Congratulations you are closing in on your target retirement date!  While the bulk of your retirement prep work and heavy lifting should be completed by the time you’re still a couple of years from retirement, there’s still a few boxes you’ll want to check off before finally saying adios to the workforce. Let’s go through them.


1. Social Security Decision

You should decide when to collect Social Security benefits. The earliest age is 62. Unless you’re retiring early and need the benefits to help cover expenses like health insurance, it’s advantageous to wait. At 62, your benefits would be reduced by 25% or more. You won’t collect 100% of your benefits until you’re 66 or 67, depending on what year you were born. When you wait to collect, keep in mind that benefits increase by 8 percent/per year up until you’re age 70.

2. Get Your Finances Simplified

Do you have multiple brokerage accounts, savings accounts, checking accounts, 401(k)s, IRAs, and other retirement savings accounts? Perhaps, you’ve lost track of an account?

First, simplifying and consolidating your various small financial accounts into a larger one will make it easier for your heirs to step into control if you had a medical emergency, needed long-term care, or passed away.

Second, you can reduce paperwork, possibly save some cash, and better keep track of your set income to expenses ratio by having everything neatly confined. For example, aggregation with a single provider can offer some economies of scale like cheaper expense ratios.

Lastly, if you’ve lost track of an account, then you’re missing a piece of your financial pie that could make a big change in how retirement tastes. missingmoney.org and unclaimed.org are good places to start tracking lost and unclaimed funds.

3. Give Your Portfolio A Health Checkup

Ideally, your portfolio at this point should be moderate-risk.  If the stock market is causing you any worry, then talk to a Financial Advisor and be sure you are set up to protect your retirement.

4. Make A Plan With HR

Schedule a time to speak with your company’s human resources department about your retirement. Topics you’ll want to ask about include:

• Are unused vacation days paid upon retirement?

• Is receiving profit-sharing payouts, bonuses, 401(k) match, or any other income aspect impacted by your planned retirement date?

• If retiring before Medicare-age, what retiree health benefits are offered?

• If a 401(k) is left as-is verses rolling it over into an IRA, can distributions still be taken? How? Is there a fee?

• If a pension is available, what are the options for payout?

One note on lump-sum pensions to keep in mind is that extending your retirement may not increase your pension. Lump-sum pensions are calculated based on interest rates. The higher the interest rate, the lower the pension. Extending your retirement when interest rates are rising can actually result in your pension going down, not up.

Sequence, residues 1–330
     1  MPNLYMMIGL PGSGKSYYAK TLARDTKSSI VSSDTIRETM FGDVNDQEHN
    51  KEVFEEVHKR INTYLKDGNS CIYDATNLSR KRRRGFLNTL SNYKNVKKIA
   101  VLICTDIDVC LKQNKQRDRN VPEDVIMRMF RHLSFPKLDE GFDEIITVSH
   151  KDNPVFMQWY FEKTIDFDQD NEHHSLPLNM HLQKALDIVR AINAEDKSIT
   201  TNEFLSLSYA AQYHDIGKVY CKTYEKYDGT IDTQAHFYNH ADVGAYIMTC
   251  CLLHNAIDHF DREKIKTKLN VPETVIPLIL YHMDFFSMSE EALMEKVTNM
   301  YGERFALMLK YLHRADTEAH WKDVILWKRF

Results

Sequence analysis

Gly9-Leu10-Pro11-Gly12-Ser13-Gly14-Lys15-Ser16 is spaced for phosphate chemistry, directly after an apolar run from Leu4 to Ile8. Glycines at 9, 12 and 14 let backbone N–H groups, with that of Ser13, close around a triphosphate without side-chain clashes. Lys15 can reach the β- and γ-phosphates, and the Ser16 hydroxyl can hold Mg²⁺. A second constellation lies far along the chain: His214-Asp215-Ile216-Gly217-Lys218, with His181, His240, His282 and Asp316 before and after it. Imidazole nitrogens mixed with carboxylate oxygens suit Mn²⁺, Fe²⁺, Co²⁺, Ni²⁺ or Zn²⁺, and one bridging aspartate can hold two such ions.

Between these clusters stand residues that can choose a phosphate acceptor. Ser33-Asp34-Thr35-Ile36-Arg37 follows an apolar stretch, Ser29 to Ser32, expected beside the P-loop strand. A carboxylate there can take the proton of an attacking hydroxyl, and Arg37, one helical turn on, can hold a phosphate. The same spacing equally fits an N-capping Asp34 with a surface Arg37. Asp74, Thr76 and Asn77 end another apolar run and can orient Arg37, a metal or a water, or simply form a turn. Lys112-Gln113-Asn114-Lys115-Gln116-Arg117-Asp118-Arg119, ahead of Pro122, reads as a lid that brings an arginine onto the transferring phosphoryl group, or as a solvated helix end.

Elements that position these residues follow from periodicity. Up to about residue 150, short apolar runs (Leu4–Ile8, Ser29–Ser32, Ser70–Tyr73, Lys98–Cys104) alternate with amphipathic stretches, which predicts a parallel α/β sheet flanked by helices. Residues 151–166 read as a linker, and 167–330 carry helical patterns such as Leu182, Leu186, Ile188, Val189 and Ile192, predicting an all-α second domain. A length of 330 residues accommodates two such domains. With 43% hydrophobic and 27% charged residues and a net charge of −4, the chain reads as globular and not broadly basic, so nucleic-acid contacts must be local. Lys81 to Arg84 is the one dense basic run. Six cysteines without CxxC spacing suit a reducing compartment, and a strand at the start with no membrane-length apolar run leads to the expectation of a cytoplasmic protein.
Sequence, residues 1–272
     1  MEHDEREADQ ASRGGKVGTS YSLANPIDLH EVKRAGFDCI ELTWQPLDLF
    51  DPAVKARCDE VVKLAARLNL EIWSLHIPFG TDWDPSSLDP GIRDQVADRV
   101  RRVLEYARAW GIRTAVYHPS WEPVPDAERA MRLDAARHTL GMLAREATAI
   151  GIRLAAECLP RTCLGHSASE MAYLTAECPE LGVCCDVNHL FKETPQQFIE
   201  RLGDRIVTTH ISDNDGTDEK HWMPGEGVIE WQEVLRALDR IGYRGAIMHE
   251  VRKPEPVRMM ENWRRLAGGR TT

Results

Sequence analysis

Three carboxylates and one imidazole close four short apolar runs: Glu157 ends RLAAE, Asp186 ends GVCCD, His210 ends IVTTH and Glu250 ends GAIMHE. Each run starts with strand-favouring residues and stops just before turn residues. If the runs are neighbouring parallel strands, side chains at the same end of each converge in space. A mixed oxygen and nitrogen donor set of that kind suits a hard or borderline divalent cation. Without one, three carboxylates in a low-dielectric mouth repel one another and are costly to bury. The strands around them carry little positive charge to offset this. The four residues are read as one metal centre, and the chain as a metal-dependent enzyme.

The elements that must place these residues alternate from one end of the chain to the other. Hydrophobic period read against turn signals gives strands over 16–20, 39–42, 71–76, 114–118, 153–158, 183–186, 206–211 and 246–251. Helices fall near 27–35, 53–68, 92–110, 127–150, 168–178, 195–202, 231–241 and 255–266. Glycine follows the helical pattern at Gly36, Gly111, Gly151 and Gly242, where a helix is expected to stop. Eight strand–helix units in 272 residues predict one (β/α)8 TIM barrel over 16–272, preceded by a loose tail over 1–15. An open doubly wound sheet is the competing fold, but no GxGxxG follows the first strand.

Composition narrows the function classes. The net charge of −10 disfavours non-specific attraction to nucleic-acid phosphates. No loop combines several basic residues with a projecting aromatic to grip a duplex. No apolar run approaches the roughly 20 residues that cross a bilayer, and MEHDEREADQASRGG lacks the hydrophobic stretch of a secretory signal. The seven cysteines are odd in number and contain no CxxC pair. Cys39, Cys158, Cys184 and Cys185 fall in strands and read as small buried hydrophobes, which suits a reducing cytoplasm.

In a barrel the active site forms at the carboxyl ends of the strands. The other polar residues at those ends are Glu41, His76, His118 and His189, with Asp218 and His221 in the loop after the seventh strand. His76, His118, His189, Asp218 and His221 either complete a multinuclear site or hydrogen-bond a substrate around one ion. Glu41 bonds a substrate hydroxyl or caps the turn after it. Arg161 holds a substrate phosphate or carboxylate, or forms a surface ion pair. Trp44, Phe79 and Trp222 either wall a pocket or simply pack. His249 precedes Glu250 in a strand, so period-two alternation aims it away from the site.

5. Study Medicare Closely

Medicare is a difficult beast to navigate, and the sales pitches you get from supplement insurers only adds to the confusion. So, you’ll want to start studying now, understanding how it works, what coverage gaps exist for you, and what you need verses don’t need in supplements. Here are some highlights you’ll want to consider:

• Upon turning 65, Social Security beneficiaries are automatically enrolled in Medicare parts A (hospital care) & B (doctor and outpatient visits.) If you’re delaying your SS payment, then it’s up to you to enroll on your own.

• If delaying your SS claim and still covered by your employer’s health plan, then you’ll likely find it beneficial to go ahead and sign up for part A at age 65 since there’s usually not a premium.

• You may want to opt out of part B since it charges you a monthly premium for service.
You may also want to opt out of part D, which covers prescriptions. The caveat here is your employer’s offered insurance being as good as what Medicare offers. If not, and you select to opt out, then you’ll face penalties when you sign up in the future.

• To ensure you’re not left without coverage, plan to sign up for part B around six weeks prior to retirement. You have eight months after leaving your job to sign up for part B without penalty.

• Be deciding if you want Medicare Advantage. This is basically a combination of parts B & D with a supplemental medigap plan to cover the copayments, deductibles, and other traditional healthcare costs that Medicare doesn’t include. These plans provide private insurer medical and drug coverage within a network, meaning you’ll need to carefully research your plan options and determine if your preferred health care providers are in the offered network of a plan.

The finish line is just around the corner, but now isn’t the time to slack just yet. You’ll want to make sure these important boxes are checked so that you can retire in peace and confident you’ve worked all these years to afford.  Contact us to discuss your plan.

It’s not so uncommon when you hear someone who retired wanting to pack up their things and move. While it can be an exhilarating time, it can also be rather difficult, especially if their planning on buying a new house altogether.  Did you know that lenders are barred from discriminating against older people who are trying to apply for a loan? Despite having the advantage of not having to worry about discrimination, retirees are still going to face some difficult challenges in obtaining a mortgage.


Read on to learn a few tips about securing a mortgage while in retirement.

Purchasing a New Home Isn’t Always the Best Decision

Purchasing a mortgage is a huge undertaking for anyone, regardless of whether they work or not. Should someone even get approved for one, it’s not always the smartest financial decision to make. A lot of retirees these days have a lower income than they did while they were working. Due to this, many people tend to underestimate how long the money needs to last for them. Adding a mortgage payment can deplete what little money is there even faster, which can make it difficult to live comfortably.

Regardless of age potential home buyers need to do their homework.  Make sure you carefully evaluate your finances before applying for a mortgage. Buying a home involves a lot more than just the monthly payment. You also need to consider property tax and homeowner insurance. In addition, you need to plan for other monthly expenses, which include power, water and even unexpected medical bills.

In addition, remember to evaluate whatever debts you have as well. Having debt not only lowers your credit score, it can significantly hurt your chances of securing a mortgage. Finally, having too much credit can also work against you. It's recommended that you utilize only 20 percent of your total credit. Lenders like to see that you know how to manage your credit responsibly.